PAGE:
Application and Futuremark Performance

It's funny, the actual performance of the iBuyPower Revolt is almost incidental. As you'll see it's a powerful system with a small electrical footprint, but what it's really doing is driving down accessible gaming performance at a reasonable price tag. I almost wish we'd had the $649 or $899 versions in house to get a better perspective.

What I do need to mention is that while the Revolt itself performed well, Windows 8's compatibility with benchmarks can still be a little bit hinky. Probing forums reveals that DiRT 3, for example, can be a total crapshoot. PCMark Vantage also doesn't run, and PCMark 7 will actually cancel itself on some Windows 8 systems, something Futuremark is still looking into.

Futuremark 3DMark 11

Futuremark 3DMark Vantage

Futuremark 3DMark06

The GTX 670 is performing as expected, but when you get to our CPU-limited 3DMark06 test, the lack of an overclocked CPU does hurt the Revolt's performance. It's worth noting, however, that this can be remedied by the end user both personally or by simply requesting the Revolt ship overclocked from the factory.

3D Rendering - CINEBENCH R10

3D Rendering - CINEBENCH R10

3D Rendering - CINEBENCH R11.5

Video Encoding - x264

Video Encoding - x264

Without an overclock, the Revolt only performs "as expected." It's still a powerful machine, but invariably gets dwarfed by all the expensive boutique desktops that have "OC" next to the name of the CPU.

Synthetics aren't everything, though. Let's check in and see how the Revolt fares at what it's meant to handle: gaming.

Introducing the iBuyPower Revolt Gaming Performance
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  • rRansom - Saturday, February 16, 2013 - link

    Say what? Reply
  • danjw - Saturday, February 16, 2013 - link

    I just went did a configure on their website. If I go with Windows 7, they insist on installing Microsoft Office on it. I say no to spamware! Just plain old no! I thought they were a boutique, there is no place for spamware from a boutique! Reply
  • damianrobertjones - Saturday, February 16, 2013 - link

    Is your post a joke? MS Office isn't spamware and if you don't like it then un-install it? Reply
  • Netscorer - Sunday, February 17, 2013 - link

    At least they allow you to configure this PC with no OS. If you have a Windows license that can be recycled from previous built (like most self-respecting people would have in drones), you can have your wish of spam-free install and save some money too. Reply
  • bah12 - Tuesday, February 19, 2013 - link

    Really most self-respecting people have a full retail copy of Windows? I find it odd that very many people would shell out $199 for the full retail copy.

    Technically speaking Microsoft only has 1 version that you can install on your own "naked" box. That is the full retail. OEM is not legal for personal use, though everyone does it (as do I).
    Reply
  • freedom4556 - Tuesday, February 19, 2013 - link

    Hogwash, OEM is perfectly OK for personal use, you simply give up Windows support from Microsoft. You're taking on the role of OEM yourself when you build your own machine, which makes you resposible for your own support. Just how Dell supports Windows on Dell machines, you support Windows on machines you build from scratch if you use the OEM version. Full retail gets you direct phone/chat/email support from Microsoft, which is why the added cost. Reply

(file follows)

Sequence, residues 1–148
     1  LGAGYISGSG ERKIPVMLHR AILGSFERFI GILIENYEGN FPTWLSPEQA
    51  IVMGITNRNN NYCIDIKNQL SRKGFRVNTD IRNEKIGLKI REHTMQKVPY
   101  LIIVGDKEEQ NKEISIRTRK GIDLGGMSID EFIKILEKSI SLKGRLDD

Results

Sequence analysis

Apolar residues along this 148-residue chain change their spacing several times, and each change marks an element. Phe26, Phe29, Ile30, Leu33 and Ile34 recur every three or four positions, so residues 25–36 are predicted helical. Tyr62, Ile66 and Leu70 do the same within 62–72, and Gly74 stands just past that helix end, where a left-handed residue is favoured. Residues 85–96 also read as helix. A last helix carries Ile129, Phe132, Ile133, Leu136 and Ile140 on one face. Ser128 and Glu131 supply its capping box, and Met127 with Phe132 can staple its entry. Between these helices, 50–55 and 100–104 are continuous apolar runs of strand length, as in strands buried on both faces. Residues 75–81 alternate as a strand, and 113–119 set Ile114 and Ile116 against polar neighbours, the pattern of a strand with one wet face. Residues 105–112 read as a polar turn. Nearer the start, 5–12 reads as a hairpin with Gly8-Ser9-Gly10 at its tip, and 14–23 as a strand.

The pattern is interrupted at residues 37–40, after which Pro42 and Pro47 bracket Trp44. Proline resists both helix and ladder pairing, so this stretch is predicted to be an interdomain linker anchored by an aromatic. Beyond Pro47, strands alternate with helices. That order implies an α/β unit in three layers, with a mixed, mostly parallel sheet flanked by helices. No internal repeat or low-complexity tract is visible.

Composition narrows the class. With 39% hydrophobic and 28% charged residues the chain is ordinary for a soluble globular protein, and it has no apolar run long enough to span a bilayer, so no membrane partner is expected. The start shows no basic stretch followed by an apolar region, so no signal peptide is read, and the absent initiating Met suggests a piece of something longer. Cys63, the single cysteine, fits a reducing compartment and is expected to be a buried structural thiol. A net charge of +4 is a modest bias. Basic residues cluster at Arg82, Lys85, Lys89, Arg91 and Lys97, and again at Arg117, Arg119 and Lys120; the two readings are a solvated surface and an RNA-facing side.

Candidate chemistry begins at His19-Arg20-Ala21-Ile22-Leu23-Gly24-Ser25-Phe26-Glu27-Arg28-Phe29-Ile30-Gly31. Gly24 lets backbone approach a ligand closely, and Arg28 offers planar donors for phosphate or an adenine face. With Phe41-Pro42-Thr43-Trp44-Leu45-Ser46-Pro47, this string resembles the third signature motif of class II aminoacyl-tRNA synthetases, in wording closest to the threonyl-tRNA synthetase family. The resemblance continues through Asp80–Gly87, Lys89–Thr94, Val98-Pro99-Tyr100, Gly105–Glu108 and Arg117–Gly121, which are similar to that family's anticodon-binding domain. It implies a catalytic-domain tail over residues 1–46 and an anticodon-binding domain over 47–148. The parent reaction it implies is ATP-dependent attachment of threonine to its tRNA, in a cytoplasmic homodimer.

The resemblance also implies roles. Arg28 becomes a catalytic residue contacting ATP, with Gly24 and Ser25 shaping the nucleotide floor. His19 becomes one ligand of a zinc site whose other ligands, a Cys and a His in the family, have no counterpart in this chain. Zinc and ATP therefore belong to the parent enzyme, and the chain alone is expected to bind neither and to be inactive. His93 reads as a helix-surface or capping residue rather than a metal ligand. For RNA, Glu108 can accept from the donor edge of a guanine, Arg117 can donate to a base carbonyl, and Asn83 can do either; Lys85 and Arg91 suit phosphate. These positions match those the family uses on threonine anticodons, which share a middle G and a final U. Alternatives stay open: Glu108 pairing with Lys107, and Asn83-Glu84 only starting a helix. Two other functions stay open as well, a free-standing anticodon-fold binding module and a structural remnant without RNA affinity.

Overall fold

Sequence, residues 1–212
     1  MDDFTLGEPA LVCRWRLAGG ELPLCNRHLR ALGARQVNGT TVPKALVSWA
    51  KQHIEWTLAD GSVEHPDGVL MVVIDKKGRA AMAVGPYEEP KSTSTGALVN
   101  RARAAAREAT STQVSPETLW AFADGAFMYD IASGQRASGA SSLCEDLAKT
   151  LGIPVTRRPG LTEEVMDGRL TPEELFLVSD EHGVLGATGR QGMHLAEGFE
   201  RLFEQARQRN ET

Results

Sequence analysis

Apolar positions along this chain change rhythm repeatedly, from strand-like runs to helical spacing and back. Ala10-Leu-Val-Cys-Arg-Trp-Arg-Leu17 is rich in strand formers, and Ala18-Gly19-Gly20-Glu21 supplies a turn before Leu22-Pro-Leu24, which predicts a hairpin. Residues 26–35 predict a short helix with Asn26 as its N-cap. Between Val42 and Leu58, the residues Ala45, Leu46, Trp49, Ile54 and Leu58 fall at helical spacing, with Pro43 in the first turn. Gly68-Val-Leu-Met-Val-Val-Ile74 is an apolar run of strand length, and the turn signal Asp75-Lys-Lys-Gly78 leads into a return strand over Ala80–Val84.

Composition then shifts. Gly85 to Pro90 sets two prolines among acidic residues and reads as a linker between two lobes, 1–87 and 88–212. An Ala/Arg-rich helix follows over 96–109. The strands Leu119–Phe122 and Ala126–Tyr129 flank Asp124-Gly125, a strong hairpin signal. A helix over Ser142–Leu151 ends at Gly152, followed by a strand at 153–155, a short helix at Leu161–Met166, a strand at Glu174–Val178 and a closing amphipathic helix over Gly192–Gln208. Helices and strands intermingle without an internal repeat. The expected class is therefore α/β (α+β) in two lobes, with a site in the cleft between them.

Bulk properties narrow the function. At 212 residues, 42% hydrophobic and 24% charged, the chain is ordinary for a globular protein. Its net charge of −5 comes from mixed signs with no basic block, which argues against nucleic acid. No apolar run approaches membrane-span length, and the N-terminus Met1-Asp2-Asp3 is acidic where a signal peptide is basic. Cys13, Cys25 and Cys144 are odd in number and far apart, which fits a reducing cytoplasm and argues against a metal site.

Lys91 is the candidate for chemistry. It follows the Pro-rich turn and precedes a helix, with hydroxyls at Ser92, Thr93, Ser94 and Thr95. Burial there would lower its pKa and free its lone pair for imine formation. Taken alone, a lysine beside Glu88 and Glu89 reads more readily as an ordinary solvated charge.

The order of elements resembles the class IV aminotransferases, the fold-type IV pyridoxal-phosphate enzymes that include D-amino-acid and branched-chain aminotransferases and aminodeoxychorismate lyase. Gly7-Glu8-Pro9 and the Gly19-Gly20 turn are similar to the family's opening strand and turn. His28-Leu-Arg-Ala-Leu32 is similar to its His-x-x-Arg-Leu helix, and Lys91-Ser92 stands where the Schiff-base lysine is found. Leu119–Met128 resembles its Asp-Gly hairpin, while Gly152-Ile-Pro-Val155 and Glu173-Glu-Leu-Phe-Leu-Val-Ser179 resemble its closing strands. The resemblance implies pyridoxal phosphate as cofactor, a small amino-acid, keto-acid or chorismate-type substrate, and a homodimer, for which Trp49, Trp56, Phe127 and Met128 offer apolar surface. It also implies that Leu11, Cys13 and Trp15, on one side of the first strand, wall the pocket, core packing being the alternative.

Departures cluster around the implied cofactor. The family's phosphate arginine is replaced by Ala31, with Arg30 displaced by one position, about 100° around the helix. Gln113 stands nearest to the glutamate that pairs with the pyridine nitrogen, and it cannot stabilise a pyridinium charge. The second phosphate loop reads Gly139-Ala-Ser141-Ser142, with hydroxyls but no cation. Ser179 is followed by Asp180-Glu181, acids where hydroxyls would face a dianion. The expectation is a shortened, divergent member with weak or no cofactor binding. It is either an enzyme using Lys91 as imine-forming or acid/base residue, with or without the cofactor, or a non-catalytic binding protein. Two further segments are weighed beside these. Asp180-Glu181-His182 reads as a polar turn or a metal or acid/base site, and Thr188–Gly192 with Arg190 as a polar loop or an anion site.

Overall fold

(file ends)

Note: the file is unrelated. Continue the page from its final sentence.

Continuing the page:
• kyuu - Saturday, February 16, 2013 - link

    I like the case design and the fact that a boutique is actually approaching being price-competitive with building your own rig.

    I'm not going to buy one when they don't give the option of anything but Intel for CPU (not that I'd use anything but Intel for a desktop CPU at the moment, admittedly) and, more importantly, don't offer any AMD graphics solutions whatsoever.
    Reply
  • da_cm - Saturday, February 16, 2013 - link

    I guess the reason for Intel only CPUs is the custom motherboard. They would have had to design an other version for AMD CPUs to fit.
    That said, personally, I would love to see a configuration with an FX-6300 and a 7850/7870 with a reasonable price tag as it's better CPU-GPU balance than a 3570k and a GTX660 or 650.
    Reply
  • tim851 - Saturday, February 16, 2013 - link

    So you want them to offer an AMD CPU although you wouldn't buy one... yeah, they'll really want you as their customer. What other options you would't consider should they offer? Reply
  • karasaj - Sunday, February 17, 2013 - link

    I'd rather have something like an i3-3220 (or the updated version with slightly better clock?) instead of an FX-6300. Similar price (if not less expensive), but enormously higher single threaded performance = better for most and competitive for all games.

    http://www.anandtech.com/bench/Product/699?vs=677&...

    Note: There is an i3-3240 with an extra 100mhz on the clock compared to the 3220. So that would be a tiny performance boost to what you see here. The 3220 slots in 10-20$ less than an FX-6300, but the 3240 is 10$ more. BUT the 6300 also consumes more than twice as much power, which would almost definitely make up that 10$ in a year.
    Reply

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